First Out: New Music from Lauren Jauregui, Slayyyter, Big Freedia & More

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Lauren Jauregui

As we begin the annual transition from Halloween season to the winter holiday months, why not freshen up your playlists with some new tunes from your favorite queer artists? Billboard Pride is here to help with First Out, our weekly roundup of some of the best new music releases from LGBTQ artists.

From Lauren Jauregui‘s long-awaited new album to Slayyyter’s club-ready collab with Big Freedia, check out just a few of our favorite releases from this week below:


Lauren Jauregui, Prelude

Despite its name, Prelude is exactly what Lauren Jauregui’s fans have been waiting for since 2016. The singer’s official debut solo project, Prelude shows a side of Jauregui that fans have only ever gotten to see a glimpse of. The seven deeply personal tracks follow the star as she deals with losing someone she loves (“Colors”), confronting herself in the wake of said loss (“Scattered”), and putting herself on the defense as she re-enters the world (“On Guard”). Prelude is a re-introduction to Jauregui as a new artist, ready to make you want to cry, dance and think all at the same time.

“This is truly my child. I’m continuing to change. These songs mean a lot to me and speak to a very real part of myself I’ve been working on,” Jauregui says of the project in a statement. “They feel good. I’ve sat with them. I’m comfortable with them … I found out what I sonically wanted to say. It was a beautiful process to understand I have my own voice as an artist. 2021 Lauren is a whole new bitch.”

Slayyyter feat. Big Freedia, “Stupid Boy”

Sick of men and in need of a good dance track? Then “Stupid Boy” was made for you. On the bouncing new club single, Slayyyter sighs over a glitching beat about how boys tend to be so … well, stupid. As the song picks up steam, it eventually slams into a synthetic house breakdown, giving fans the perfect opportunity to dance their boy troubles away. If you’re still craving for some booty-shaking lyrics, the Queen of Bounce Big Freedia comes in hot with her verse, mixing her usual pump-you-up antics with some truly savage bars. Within the first two verses, “Stupid Boy” will make you forget your guy troubles and have to stomping your way to the dancefloor.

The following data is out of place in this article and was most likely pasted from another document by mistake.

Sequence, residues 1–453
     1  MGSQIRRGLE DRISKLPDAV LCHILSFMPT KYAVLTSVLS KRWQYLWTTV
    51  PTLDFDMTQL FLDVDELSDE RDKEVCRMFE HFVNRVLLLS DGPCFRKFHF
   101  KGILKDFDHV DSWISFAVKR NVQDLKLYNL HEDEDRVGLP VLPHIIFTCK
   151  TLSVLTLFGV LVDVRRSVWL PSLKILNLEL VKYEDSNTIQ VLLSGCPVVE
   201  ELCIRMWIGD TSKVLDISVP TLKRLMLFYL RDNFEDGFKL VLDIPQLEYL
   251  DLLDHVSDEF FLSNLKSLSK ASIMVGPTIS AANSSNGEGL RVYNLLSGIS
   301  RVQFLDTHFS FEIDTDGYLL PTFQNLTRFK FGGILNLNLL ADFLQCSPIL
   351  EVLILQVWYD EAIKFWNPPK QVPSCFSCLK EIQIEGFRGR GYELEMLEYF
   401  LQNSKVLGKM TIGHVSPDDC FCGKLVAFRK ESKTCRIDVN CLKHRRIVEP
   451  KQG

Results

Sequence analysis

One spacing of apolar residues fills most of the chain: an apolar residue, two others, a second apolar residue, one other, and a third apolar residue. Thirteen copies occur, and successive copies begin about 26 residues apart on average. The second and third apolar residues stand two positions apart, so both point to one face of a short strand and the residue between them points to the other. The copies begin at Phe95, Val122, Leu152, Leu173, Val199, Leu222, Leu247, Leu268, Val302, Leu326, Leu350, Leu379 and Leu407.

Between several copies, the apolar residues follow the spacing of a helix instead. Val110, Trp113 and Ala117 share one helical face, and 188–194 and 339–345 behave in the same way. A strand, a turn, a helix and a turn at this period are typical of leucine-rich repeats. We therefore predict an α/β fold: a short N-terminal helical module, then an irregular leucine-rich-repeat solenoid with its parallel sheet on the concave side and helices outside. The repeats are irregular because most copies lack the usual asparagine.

Arca, “Prada”

Everybody loves a sensible heel, including Venezuelan DJ Arca. On her latest single “Prada,” the rising star, spitting bars in her native Spanish once again, extolls the virtues of going out in your best Prada heels, if only to go home with someone who can appreciate them — and of course, you. Arca’s production remains as sharp as ever, with a set of blaring synths permeating the background, as the song ramps up, adding in a series of increasingly infectious dembow beats invade the hypnotic track, taking the song into the stratosphere. Much like the titular heels, “Prada” will get you feeling fabulous by the time it comes to a close.

Serena Isioma, “Crying in the Club”

“I don’t wanna die by myself, aye.” From the moment Serena Isioma utters these opening words on their new track “Crying in the Club,” you instantly know what you’re in for. Set up like an existential crisis occurring in the middle of a dancefloor, “Crying in the Club” is Isioma at their finest, mixing emotionally-affecting songwriting with top-tier production quality, as the star finds themself spiraling at the worst possible moment. Taking the phrase “crying on the dancefloor” to it’s most literal conclusion, Isioma’s stunning new single is one you ought not miss.

Jordy, Mind Games

For those that have found themselves caught in a series of bad dating patterns, singer-songwriter Jordy can sympathize. The rising star’s debut album, Mind Games, acts as a personal diary for the singer, detailing the highs, lows, successes and failures of dating today. One moment, Jordy will be stressing over dropping the L-word in a new relaationship (“Sticks and Stones”), and the next, he’ll be decrying the anxiety of feeling uncomfortable in his own skin around his partner (“Dressed Up In A T-Shirt”). From start to finish, Mind Games serves as a comprehensive guide to the minefield that is simply existing in the modern era — and it deserves your attention.

Snail Mail, Valentine

Three years after becoming the indie name on everyone’s lips, Snail Mail (a.k.a. singer-songwriter Lindsey Jordan) is ready to rewrite her own narrative. Fans of the sonic landscape of her explosive debut Lush will be happy to know that Valentine, the star’s sophomore album, manages to perfectly toe the line between old and new, with a slightly softer side taking over throughout the album. But the songwriting of Valentine sees Snail Mail doing what she does best and commenting on her surroundings; only now, her surroundings are those of an indie-pop superstar in the making. Catchy, honest and constantly switching things up, Valentine couldn’t be further from the dreaded “sophomore slump” — instead, Jordan is quickly on the rise with a triumphant new album.

 
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